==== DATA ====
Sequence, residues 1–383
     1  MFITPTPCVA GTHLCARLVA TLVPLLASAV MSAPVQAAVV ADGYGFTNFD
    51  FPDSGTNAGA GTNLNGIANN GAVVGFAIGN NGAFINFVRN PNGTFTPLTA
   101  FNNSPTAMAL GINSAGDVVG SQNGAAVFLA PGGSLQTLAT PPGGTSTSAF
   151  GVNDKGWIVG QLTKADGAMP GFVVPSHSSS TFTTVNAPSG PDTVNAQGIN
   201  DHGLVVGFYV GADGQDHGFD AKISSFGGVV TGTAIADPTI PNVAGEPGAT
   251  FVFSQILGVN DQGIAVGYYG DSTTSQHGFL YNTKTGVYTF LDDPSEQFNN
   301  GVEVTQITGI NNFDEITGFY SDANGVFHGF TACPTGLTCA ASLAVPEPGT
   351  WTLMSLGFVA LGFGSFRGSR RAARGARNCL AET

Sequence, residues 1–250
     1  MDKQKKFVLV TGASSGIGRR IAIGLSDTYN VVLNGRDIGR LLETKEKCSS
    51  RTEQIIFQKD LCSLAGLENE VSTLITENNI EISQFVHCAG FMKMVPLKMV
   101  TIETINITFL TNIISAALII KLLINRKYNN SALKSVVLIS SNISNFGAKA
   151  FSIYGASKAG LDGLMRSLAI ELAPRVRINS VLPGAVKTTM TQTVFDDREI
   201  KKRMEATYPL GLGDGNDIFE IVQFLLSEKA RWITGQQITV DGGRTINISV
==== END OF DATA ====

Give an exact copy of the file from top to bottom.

Sequence, residues 1–383
     1  MFITPTPCVA GTHLCARLVA TLVPLLASAV MSAPVQAAVV ADGYGFTNFD
    51  FPDSGTNAGA GTNLNGIANN GAVVGFAIGN NGAFINFVRN PNGTFTPLTA
   101  FNNSPTAMAL GINSAGDVVG SQNGAAVFLA PGGSLQTLAT PPGGTSTSAF
   151  GVNDKGWIVG QLTKADGAMP GFVVPSHSSS TFTTVNAPSG PDTVNAQGIN
   201  DHGLVVGFYV GADGQDHGFD AKISSFGGVV TGTAIADPTI PNVAGEPGAT
   251  FVFSQILGVN DQGIAVGYYG DSTTSQHGFL YNTKTGVYTF LDDPSEQFNN
   301  GVEVTQITGI NNFDEITGFY SDANGVFHGF TACPTGLTCA ASLAVPEPGT
   351  WTLMSLGFVA LGFGSFRGSR RAARGARNCL AET

Sequence, residues 1–250
     1  MDKQKKFVLV TGASSGIGRR IAIGLSDTYN VVLNGRDIGR LLETKEKCSS
    51  RTEQIIFQKD LCSLAGLENE VSTLITENNI EISQFVHCAG FMKMVPLKMV
   101  TIETINITFL TNIISAALII KLLINRKYNN SALKSVVLIS SNISNFGAKA
   151  FSIYGASKAG LDGLMRSLAI ELAPRVRINS VLPGAVKTTM TQTVFDDREI
   201  KKRMEATYPL GLGDGNDIFE IVQFLLSEKA RWITGQQITV DGGRTINISV